As one member noted, “As a new member you may not understand how the Coop works. When you say, ‘Half my household is not working,’ you’re doing something that is non-Coop. We need all our labor. There are other things we can be doing. If parents decide to opt out it undermines our model. Very few coops can do our work. Honestly, you just joined the Coop. Why do you want to mess with our model?”
“Nobody’s trying to undermine the Coop for this model,” Snelson responded. “I’m just asking for us to look at this from the perspective of parents with young children. Do we want to look at the way we do business? Is the end game for the Coop to make more money, or increase labor?”
One member added, “I think child care is a really important part of the Coop. If people aren’t in favor of this proposal, then we should consider bringing back child care.” Another responded, “This may be part of a larger issue that concerns other members who are caring for people right now. I don’t see how taking back child care can be done right now. I think this is a non-issue.”
Snelson wrapped up the conversation by thanking everyone for their consideration. “I appreciate this, but I’m not asking for child care,” he concluded. “I’m asking for a policy where one parent can leave the Coop for child care responsibility. All your points about how the Coop worked in 1973 are good points, but this is not 1973.”
Committee and Coordinator Reports
Prior to the agenda items, there were a number of reports. Joe Holtz, General Manager, General Coordinator and Treasurer, reported on Coop finances, underscoring that there were indicators that the first four weeks of the 2022 fiscal year were off to a slow start, but that we are finally close to a cash flow break-even. “The advent of adding new members is important,” Holtz said. “We lost 4,500 to 5,000 members during COVID. We are building back. We are now at about 13,000 and adding 100 or so a week.” When asked what the optimal enrollment would be, Holtz said “we had 17,100 members when the pandemic started. Right now, we have a goal of 15,000. Let’s get there first.” Other members asked about how long price markups and fluctuating prices (which reflect price fluctuations and increases passed on by suppliers) would last. Holtz added that when member labor returns to 100% and the temporary worker system is sunsetted, the Coop will be able to look more closely at lowering prices.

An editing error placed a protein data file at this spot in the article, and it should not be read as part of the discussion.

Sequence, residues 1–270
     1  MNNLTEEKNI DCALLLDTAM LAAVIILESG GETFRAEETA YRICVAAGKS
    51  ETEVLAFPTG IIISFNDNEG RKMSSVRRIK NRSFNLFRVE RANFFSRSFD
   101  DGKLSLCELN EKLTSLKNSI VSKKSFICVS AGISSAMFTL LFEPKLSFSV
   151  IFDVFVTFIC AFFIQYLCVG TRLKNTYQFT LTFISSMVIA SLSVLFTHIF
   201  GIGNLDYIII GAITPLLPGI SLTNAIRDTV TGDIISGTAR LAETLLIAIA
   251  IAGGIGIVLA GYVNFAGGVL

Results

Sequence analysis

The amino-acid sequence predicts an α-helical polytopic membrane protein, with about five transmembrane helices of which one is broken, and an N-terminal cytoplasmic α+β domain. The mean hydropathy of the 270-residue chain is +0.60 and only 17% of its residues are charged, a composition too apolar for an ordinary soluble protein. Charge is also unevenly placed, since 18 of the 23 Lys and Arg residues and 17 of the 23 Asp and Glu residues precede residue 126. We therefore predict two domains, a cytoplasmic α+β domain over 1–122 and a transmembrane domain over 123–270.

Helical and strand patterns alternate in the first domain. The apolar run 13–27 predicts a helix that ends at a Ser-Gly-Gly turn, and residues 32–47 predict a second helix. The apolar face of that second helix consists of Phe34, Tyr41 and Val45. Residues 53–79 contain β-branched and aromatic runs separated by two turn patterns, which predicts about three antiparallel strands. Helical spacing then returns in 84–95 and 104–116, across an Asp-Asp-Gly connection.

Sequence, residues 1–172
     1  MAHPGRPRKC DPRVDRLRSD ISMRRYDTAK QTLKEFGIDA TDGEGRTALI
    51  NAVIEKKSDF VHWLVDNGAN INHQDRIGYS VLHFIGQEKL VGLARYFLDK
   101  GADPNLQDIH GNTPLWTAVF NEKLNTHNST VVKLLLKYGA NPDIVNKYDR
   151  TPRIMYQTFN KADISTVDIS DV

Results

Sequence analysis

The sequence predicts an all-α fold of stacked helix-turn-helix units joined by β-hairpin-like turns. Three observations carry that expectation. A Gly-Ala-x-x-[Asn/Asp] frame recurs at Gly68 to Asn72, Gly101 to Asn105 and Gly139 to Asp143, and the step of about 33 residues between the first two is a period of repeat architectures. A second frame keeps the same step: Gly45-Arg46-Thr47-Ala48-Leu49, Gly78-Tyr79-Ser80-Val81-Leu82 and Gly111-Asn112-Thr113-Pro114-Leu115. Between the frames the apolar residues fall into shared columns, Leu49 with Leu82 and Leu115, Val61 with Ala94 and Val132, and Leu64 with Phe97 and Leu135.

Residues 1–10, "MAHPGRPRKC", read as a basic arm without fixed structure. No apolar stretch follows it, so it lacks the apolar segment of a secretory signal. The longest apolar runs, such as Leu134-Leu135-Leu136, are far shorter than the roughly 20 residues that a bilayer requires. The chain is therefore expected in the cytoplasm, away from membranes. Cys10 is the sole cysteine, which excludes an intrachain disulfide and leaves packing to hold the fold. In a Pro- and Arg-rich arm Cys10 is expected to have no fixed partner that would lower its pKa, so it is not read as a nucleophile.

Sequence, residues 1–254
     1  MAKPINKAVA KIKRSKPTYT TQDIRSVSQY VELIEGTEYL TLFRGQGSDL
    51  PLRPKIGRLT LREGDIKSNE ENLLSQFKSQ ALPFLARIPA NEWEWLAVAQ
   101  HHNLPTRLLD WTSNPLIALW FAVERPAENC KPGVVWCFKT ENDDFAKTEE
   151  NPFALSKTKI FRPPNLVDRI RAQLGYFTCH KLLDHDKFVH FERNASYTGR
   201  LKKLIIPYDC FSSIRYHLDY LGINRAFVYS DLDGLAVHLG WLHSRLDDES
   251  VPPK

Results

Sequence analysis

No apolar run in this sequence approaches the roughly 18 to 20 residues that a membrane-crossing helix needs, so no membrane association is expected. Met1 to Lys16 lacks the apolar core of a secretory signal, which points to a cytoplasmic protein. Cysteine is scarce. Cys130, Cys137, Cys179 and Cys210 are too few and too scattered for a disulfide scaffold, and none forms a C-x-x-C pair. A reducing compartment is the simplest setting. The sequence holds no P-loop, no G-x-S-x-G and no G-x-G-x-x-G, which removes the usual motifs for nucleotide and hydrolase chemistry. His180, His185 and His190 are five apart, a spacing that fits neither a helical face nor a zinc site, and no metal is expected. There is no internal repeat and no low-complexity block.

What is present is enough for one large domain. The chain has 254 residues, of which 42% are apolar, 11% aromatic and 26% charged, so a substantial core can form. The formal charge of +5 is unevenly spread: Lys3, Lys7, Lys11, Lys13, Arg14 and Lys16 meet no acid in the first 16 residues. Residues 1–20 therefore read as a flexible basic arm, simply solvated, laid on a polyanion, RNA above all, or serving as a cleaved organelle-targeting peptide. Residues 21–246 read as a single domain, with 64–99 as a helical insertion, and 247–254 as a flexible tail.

General Coordinator Ann Herpel reported on the return of the member workforce and enrollment. “We are now reintroducing the food processing in the basement. If you are interested in olives and cheese work, you can find those shifts now. We have planned for the temp people to be here another two months.” Regarding enrollment, Herpel stated that “we have new member enrollment sessions four times a week now with over 100 appointments to enroll. We have 1,000 new members since we started enrollment on December 5. Staff and members are reporting that the new members have been really enthusiastic.” A very brief report on several international labor events in the news was reported by Bart DeCourcy of the International Trade Information Squad, rounding out the committee and Coordinator reports. In comments just before the reports, Imani Q’ryn, Board member, encouraged members to consider running for Board membership. “I’ve been on the Board 20 years. I want to encourage others to join the Board, especially people of color. If you love the Coop, help us protect the voice of the people.”